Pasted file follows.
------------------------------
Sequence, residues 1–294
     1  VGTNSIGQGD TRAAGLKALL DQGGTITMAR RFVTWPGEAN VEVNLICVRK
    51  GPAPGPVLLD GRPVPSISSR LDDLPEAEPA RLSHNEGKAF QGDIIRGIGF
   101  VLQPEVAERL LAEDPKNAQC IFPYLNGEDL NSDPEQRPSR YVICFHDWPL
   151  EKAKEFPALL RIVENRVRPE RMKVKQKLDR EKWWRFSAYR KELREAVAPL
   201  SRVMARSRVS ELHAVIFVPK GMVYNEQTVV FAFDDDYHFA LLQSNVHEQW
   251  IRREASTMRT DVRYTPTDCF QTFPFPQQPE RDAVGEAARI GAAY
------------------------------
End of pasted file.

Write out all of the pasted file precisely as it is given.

Sequence, residues 1–294
     1  VGTNSIGQGD TRAAGLKALL DQGGTITMAR RFVTWPGEAN VEVNLICVRK
    51  GPAPGPVLLD GRPVPSISSR LDDLPEAEPA RLSHNEGKAF QGDIIRGIGF
   101  VLQPEVAERL LAEDPKNAQC IFPYLNGEDL NSDPEQRPSR YVICFHDWPL
   151  EKAKEFPALL RIVENRVRPE RMKVKQKLDR EKWWRFSAYR KELREAVAPL
   201  SRVMARSRVS ELHAVIFVPK GMVYNEQTVV FAFDDDYHFA LLQSNVHEQW
   251  IRREASTMRT DVRYTPTDCF QTFPFPQQPE RDAVGEAARI GAAY